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Last week’s Queen’s speech included proposals to bring forward a British bill of rights and a commitment that ministers would ‘uphold the sovereignty of Parliament and the primacy of the House of Commons’. Mark Elliott suggests that if action was taken to implement them these measures would be highly significant. However, there is no sign of developed government thinking in these areas at this stage and so, in practice, they may amount to very little.

This year’s Queen’s speech touches on two possible constitutional reform measures. (I pass over the Wales Bill, which was published in draft in October 2015). The first concerns the replacement of the Human Rights Act 1998 with a ‘British Bill of Rights’, while the second concerns the sovereignty of parliament and the ‘primacy’ of the House of Commons. If implemented, these measures would be highly significant. But the signs are that, for the time being anyway, they may amount to very little in practice – not least because the Government’s thinking in relation to them appears to be undeveloped to say the least.

A British bill of rights

The Conservative Party has for some considerable time said that it wants to replace the Human Rights Act (HRA) with a bill of rights (albeit that exactly what would thereby be entailed has been, and remains, shrouded in uncertainty). Any attempt at reform in this area was stymied in the last parliament by the politics of coalition, the Conservatives’ Liberal Democrat partners being staunchly committed to the retention of the HRA. The most that could be managed then was a Commission on a Bill of Rights, whose proposals, such as they were, came to nothing.

Freed from the shackles of coalition, the Government promised in last year’s Queen’s speech to bring forward ‘proposals for a British Bill of Rights’. This year’s speech contained an almost identically worded undertaking promising ‘proposals’ but not a bill as such. The fact that little, if any, progress appears to have been made in this area is testament to the legal, constitutional and political difficulties that arise (matters that I consider further here). In political terms, the government appears to be divided on the question of whether the UK should remain a party to the ECHR – the Home Secretary thinks not – while the politics of devolution represent a major complication.

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Parliament, government and secondary legislation: Lords select committees respond to the Strathclyde Review

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Two House of Lords select committees have this week published reports that are highly critical of the recommendations of the Strathclyde review into the Lords’ powers in relation to secondary legislation, published in December. Mark Elliott summarises the committees’ findings and welcomes calls for a consensual, reflective approach to be taken.

I wrote in December about the Strathclyde Review, which took place at great speed in the autumn against the backdrop of the House of Lords’ refusal to allow the enactment of secondary legislation on tax credits. The Review – set up by the government – recommended stripping the Lords of its power to veto statutory instruments by investing the Commons with statutory authority to override the Lords in the event of opposition to secondary legislation. Two House of Lords select committees – the Constitution Committee and the Delegated Powers and Regulatory Reform Committee – have now published reports that are highly critical of the Strathclyde proposals.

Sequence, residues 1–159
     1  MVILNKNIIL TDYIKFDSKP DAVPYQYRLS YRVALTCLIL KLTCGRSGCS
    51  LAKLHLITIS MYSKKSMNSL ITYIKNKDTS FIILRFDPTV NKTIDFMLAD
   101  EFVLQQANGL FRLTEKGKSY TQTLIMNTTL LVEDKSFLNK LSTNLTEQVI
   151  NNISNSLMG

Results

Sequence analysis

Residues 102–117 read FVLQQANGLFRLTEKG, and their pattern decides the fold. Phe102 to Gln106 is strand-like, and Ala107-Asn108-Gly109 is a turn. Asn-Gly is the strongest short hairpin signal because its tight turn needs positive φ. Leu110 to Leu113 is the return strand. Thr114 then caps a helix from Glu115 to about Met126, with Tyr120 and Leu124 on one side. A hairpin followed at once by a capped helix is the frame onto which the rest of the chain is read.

The report of the Constitution Committee

In its report, the Constitution Committee rejects the notion that the tax credits affair amounted to a ‘constitutional crisis’ and says that a ‘single Government defeat … does not seem a sound foundation upon which to base significant and lasting reform’ in this area. Indeed, the committee argues that the Strathclyde Review ended up – as a result of the terms of reference set for it by the Government – asking the ‘wrong questions’ and framing the issues inappropriately. In particular, the committee takes the view that while the Strathclyde Review approaches the matter in terms of the relationship between the two houses of parliament, the underlying, and far more profound, issue concerns the relationship between parliament and the executive:

Delegated legislation is the product of a delegation of power from Parliament to the Government. Parliamentary scrutiny of secondary legislation is the mechanism by which Parliament assures itself that the Government is exercising that delegated authority in an appropriate way, and in a manner which accords with Parliament’s intentions. Yet Parliamentary scrutiny of delegated legislation is less intensive and arguably less effective than its scrutiny of primary legislation. Statutory instruments cannot be amended, so there is little scope or incentive for compromise. Far less time is spent debating delegated legislation than is spent debating primary legislation. And … it is established practice that the House of Lords does not vote down delegated legislation except in exceptional circumstances. The result is that the Government can pass legislative proposals with greater ease and with less scrutiny if it can do so as delegated, rather than primary, legislation. It is in this context that proposals to weaken the powers of the House of Lords should be considered.